Crops, Weeds, And Pollinators

The interactions between plants and pollinators are many and complex. The global number of described Angiosperm plants – those that flower and produce seed – is thought to be over 250 000. The transfer of pollen and subsequent fertilization of the plant is a fundamental necessity in the reproduction of these species, and while some plants can self-pollinate, the majority are reliant on, or experience greater reproductive rates through, cross-pollination.

This publication looks at managing agricultural systems through an ecological approach, building upon beneficial biological interactions and finding positive synergies between pollination and weed management.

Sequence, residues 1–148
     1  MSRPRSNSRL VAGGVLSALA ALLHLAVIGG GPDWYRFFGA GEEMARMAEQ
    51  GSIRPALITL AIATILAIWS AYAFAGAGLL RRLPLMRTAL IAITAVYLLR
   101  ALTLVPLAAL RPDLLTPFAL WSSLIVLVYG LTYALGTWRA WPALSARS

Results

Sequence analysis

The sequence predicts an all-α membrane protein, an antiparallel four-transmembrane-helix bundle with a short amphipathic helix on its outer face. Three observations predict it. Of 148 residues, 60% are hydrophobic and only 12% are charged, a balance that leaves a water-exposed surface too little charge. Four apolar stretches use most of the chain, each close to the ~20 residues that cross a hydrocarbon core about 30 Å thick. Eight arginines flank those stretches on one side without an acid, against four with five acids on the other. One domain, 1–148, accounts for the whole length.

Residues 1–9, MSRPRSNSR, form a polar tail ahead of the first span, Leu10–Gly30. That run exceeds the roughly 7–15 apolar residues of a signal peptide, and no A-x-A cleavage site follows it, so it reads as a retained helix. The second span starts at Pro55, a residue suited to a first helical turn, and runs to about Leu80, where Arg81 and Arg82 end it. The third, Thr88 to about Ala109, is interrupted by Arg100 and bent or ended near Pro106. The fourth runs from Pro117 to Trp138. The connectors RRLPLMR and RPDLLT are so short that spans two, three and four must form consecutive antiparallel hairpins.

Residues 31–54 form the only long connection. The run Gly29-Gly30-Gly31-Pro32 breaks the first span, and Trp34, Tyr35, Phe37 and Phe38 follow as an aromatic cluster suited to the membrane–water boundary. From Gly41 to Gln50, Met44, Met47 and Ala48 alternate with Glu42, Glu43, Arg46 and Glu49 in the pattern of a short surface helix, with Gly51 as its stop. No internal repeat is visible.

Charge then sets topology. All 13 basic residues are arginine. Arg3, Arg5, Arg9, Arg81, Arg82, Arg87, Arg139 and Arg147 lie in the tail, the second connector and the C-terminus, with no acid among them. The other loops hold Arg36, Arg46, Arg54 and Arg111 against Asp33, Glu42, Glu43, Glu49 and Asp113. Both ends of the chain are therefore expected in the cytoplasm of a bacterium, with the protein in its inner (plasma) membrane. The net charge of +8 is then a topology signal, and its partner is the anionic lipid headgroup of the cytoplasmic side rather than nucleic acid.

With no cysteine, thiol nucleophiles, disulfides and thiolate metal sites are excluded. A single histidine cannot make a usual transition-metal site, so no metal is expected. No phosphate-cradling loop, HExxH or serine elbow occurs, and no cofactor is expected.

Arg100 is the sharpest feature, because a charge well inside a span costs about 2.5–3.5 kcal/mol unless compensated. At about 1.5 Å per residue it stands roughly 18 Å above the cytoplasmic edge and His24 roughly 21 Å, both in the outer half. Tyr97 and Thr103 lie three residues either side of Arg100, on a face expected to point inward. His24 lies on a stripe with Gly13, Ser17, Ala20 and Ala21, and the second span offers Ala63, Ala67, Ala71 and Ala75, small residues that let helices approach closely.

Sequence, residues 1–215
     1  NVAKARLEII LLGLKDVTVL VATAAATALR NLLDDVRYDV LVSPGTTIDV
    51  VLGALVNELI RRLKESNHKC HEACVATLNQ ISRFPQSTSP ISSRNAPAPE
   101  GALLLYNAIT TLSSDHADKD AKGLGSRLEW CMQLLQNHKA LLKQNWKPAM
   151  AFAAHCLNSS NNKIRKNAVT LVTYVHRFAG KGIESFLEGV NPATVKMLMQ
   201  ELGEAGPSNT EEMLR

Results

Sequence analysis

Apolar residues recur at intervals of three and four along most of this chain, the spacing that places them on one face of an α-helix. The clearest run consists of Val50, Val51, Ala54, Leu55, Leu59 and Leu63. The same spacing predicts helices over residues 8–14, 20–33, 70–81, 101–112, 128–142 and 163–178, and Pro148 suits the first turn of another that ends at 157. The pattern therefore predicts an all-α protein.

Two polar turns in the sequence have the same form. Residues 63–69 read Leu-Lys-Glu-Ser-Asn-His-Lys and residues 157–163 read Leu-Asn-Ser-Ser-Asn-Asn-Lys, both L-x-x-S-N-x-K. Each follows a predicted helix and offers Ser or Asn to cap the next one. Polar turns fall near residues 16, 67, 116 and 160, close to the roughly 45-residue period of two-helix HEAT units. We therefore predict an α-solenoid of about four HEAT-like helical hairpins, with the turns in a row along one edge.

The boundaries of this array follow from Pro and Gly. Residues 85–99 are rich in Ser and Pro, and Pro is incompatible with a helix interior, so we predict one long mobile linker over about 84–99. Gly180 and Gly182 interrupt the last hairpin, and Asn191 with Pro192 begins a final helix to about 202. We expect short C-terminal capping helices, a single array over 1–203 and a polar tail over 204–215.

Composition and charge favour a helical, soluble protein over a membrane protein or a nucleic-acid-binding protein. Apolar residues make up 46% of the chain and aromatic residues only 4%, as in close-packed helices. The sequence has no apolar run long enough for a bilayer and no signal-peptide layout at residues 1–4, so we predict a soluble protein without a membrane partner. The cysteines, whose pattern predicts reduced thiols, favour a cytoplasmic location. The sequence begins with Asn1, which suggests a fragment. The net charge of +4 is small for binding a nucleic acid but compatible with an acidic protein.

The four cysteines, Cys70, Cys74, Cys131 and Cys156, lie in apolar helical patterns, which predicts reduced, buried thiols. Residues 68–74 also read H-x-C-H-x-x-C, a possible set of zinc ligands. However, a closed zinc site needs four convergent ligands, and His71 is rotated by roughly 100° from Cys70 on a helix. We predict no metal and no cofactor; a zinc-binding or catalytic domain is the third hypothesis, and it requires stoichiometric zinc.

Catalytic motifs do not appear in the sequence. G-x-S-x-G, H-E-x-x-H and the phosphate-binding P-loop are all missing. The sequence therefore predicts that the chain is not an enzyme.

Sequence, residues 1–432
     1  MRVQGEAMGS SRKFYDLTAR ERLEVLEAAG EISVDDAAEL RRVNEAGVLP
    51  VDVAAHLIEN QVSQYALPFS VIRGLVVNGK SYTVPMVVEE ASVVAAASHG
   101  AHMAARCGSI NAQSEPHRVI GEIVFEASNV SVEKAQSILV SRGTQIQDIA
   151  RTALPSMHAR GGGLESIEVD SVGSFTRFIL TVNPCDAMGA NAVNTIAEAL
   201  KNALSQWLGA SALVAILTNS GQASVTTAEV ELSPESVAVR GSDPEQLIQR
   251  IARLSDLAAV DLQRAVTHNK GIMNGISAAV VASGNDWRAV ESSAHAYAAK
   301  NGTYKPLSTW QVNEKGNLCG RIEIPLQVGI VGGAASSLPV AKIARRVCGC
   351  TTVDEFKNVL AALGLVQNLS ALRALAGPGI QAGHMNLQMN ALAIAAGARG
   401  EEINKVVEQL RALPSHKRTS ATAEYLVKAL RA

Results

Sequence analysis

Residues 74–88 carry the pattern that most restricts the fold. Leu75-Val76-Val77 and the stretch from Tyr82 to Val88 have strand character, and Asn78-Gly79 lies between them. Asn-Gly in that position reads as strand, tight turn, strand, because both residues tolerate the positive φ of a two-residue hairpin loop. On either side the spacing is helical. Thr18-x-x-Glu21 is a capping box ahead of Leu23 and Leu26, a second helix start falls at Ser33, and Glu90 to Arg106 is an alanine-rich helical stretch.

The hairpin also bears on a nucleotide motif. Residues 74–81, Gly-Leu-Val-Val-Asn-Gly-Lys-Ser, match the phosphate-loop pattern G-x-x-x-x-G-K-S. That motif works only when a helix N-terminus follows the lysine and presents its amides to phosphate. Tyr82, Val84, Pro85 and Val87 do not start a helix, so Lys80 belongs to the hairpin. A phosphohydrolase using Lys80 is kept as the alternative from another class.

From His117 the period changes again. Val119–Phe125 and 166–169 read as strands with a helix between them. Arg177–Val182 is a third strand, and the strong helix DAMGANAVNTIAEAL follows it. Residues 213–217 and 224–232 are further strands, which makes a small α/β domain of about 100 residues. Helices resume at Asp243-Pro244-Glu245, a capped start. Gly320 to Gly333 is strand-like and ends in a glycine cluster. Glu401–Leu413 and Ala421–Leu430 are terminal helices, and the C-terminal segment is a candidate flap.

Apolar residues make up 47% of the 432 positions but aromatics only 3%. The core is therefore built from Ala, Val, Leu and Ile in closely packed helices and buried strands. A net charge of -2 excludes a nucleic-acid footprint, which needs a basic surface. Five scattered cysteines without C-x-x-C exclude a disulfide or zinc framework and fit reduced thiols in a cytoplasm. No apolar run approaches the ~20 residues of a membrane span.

These two aspects of agriculture consist of a multitude of interactions, both beneficial and harmful for the farmer and agriculture in general. If the practices applied to effectively control weeds can also benefit pollinators, there may be multiple benefits.

As part of FAO ’s “Global Action on Pollination Services for Sustainable Agriculture”, this publication was prepared in collaboration with experts to develop sound advice aimed for a wide range of countries and contexts to sustainably promote the twin goals of weed and pollinator management.

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